Continue if you are looking for games like Ripple Rush and are curious about what similar games to play next. In the game, you have your own player sheet, which shows four columns of symbols (square, circle, triangle, hexagon), with eight symbols in each column. On a turn, each player draws a card from the deck, then (if possible) you write the number on that card in the column matching the depicted symbol. Big chains mean big points.
To determine this list we broke down Ripple Rush to what it is. This is an incredibly lightweight flip-n-write game. This takes one very important mechanic and surrounds it with shapes and colors. The idea is that numbers (parts of paths) are going to come up randomly and you need to fit them into a line in numeric order. Easy at first, but hard as spaces become limited. If you are looking for something similar, you have come to the right place. We took all this into consideration and came up with this list of the 5 board games like Ripple Rush.
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#05 | Metro X
Metro X makes the list of games like Ripple Rush because it is also about making long links amongst a few different options. It is much more complicated than just putting numbers in order, but both games lean heavily on the roll-n-write mechanic where decisions are made one at a time and space gets increasingly scarce.
Players create subway networks by filling in the station spaces on their individual game sheets. Using the numbers revealed by the cards, all players fill up their subway map with Xs in the station spaces. However, the number of times they can add stations to each line is limited, so they have to make tough choices. Players can score many points by getting their star bonuses in stations with many intersecting routes. For 1 – 99 players, games run about 20 minutes.
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#04 | Second Chance
Second Chance makes the list of games like Ripple Rush because it is another simple roll-n-write that is jam-packed with bright colors to keep things interesting. Instead of fitting numbers into a row as space becomes tighter, here you are doing the same thing with shapes. Both games are on the same level of lightness and simple mechanics.
Player starts with a 9×9 grid that they want to fill as completely as possible. Everyone receives a different card with a starting shape and marks off its spaces on their grid. Every turn, two puzzle shape tile cards are revealed, and each player chooses one of them, then marks off squares on their personal grid that match the shape of the image shown on their chosen card. Not being able to use triggers a “second chance” and failing that is a loss. For 1 – 6 players, games run about 10 – 15 minutes.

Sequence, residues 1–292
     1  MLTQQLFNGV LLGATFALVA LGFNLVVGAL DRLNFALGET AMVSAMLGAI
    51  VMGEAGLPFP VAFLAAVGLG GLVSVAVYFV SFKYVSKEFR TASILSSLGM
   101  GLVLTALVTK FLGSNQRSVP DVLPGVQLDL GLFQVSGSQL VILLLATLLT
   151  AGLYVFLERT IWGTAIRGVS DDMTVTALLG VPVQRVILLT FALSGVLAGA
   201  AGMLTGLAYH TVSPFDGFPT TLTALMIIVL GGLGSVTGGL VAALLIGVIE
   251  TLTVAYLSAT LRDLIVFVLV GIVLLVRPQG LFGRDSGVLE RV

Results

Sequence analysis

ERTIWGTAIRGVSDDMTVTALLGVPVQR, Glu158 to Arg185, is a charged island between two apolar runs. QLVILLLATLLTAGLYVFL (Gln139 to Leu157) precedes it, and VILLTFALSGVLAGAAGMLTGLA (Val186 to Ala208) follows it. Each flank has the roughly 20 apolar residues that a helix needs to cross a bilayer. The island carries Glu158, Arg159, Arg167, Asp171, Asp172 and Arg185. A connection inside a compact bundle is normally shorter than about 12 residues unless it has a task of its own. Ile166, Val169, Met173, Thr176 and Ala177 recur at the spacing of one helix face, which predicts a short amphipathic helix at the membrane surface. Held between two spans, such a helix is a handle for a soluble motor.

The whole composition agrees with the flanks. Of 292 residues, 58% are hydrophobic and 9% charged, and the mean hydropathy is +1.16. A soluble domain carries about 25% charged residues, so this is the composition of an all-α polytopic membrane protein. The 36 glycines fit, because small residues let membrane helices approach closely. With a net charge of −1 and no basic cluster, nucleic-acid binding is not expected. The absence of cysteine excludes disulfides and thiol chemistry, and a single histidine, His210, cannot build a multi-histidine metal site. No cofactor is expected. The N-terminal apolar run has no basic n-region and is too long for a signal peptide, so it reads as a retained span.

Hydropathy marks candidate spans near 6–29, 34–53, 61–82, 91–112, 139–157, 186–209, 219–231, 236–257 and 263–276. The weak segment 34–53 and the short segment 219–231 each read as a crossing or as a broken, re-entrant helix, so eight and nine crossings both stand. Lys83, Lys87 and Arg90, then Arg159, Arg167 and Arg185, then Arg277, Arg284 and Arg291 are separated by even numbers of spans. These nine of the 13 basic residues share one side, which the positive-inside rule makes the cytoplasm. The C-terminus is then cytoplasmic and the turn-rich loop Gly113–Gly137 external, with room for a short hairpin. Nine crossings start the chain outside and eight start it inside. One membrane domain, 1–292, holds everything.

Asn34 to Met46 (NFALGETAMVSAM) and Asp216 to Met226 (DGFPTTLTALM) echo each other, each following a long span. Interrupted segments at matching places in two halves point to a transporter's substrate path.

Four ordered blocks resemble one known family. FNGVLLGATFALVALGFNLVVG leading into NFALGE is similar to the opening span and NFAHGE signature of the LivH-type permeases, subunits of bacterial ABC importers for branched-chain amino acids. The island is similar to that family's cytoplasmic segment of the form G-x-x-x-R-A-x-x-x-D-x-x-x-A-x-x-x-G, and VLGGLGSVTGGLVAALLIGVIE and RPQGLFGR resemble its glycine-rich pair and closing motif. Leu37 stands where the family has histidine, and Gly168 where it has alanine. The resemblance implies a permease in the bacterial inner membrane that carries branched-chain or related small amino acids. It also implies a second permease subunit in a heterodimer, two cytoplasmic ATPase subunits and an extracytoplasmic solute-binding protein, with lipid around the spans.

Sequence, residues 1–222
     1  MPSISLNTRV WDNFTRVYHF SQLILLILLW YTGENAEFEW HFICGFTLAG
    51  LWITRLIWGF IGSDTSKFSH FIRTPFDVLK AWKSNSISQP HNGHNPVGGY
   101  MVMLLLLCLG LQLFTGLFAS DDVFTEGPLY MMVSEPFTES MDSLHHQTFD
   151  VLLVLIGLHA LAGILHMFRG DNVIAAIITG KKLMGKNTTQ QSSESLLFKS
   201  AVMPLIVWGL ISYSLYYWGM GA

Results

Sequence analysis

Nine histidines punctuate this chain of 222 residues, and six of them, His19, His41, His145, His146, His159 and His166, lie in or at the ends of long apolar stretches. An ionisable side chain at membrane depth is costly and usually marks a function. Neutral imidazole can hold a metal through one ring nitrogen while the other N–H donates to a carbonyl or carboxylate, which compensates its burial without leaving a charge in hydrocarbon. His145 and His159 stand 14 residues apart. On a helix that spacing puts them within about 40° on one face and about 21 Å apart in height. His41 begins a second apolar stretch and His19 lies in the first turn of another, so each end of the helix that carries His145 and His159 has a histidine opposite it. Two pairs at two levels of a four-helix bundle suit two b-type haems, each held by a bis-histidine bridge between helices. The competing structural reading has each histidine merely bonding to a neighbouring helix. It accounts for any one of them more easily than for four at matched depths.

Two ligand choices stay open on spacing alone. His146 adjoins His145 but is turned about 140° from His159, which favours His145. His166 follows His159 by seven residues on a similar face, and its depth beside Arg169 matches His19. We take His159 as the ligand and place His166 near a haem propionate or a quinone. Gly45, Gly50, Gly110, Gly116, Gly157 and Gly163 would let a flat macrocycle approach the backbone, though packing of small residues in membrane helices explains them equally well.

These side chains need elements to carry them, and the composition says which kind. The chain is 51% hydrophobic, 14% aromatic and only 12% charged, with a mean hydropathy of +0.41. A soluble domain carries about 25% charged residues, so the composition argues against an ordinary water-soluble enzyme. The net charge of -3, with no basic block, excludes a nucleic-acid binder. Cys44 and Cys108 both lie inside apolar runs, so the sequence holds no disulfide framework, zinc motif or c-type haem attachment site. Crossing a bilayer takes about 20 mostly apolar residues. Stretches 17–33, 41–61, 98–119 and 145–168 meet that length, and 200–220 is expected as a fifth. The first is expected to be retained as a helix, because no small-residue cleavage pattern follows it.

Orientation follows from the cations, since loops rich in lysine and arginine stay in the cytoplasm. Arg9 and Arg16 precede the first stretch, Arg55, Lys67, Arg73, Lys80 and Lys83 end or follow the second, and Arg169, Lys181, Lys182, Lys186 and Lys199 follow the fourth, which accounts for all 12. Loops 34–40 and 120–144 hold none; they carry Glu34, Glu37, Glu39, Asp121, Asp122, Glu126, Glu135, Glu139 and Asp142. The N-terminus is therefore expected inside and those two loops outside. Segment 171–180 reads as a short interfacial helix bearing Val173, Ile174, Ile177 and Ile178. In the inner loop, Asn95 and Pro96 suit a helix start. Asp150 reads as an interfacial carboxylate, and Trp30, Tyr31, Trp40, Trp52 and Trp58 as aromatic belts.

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#03 | That’s Pretty Clever
That’s Pretty Clever is a different kind of roll-n-write game but it makes the list of games like Ripple Rush because of the grid score trigger mechanisms. As you are thinking about scoring, completing certain rows of columns will trigger scoring bonuses to fill in gaps elsewhere. Ripple Rush doesn’t have too many elements, but this unique scoring waterfall is one of them.
Players take turns rolling six 6-sided dice, each with their own distinct color. Those colors correspond to different scoring areas. You have three rolls where you chose a die each time, though you are limited by the lowest numbers unless you want to make some sacrifices. The scoring each is their own puzzle, like filling in a grid or getting certain numbers at certain times. When it is not your turn, you also get opportunities to benefit from what your opponents don’t play. For 1 – 4 players, games run about 30 minutes.
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#02 | Rolling America
Rolling America makes the list of Ripple Rush because it is another roll-n-write on the very simple side that comes down to one very specific mechanic. You have colored dice and depending on what comes up, you need to add a number to a space in a grid. Instead of having to go in a row, it is more Sudoku style with numbers added having to be within 1 of a space it is next to.
On a turn, a player draws two regular six-sided dice from a bag and rolls them; the bag starts with seven dice, six matching the colors of the areas on the map along with a wild clear die. All players now write down each number rolled on any state of the matching color, i.e., if the blue die shows 4 and the yellow a 2, write a 4 in one blue state and a 2 in one yellow state. For 1 – 99 players, games run about 15 minutes.
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#01 | Welcome To
Welcome To takes the top spot on the list of Ripple Rush because it is basically the same game but with a theme and a ton more bells and whistles. The core of the game is the same, you have rows and as numbers come up you need to fill them in somewhere with not many rules except that everything needs to end up in chronological order and space increasingly gets tight. Welcome To just kicks it up a notch with great thematic driven set collection.
You are the mayor of a small little town in American suburbia circa the 1950s and you need to put together a better city than all the other players. Your sheet is three rows of empty houses and various amenities like pools, parks and spots for fences. Each turn three combinations of street numbers and actions are flipped. You pick one set and add those to your neighborhood. House numbers need to go in order and space fills up. For 1 – 100 players, games run about 25 minutes.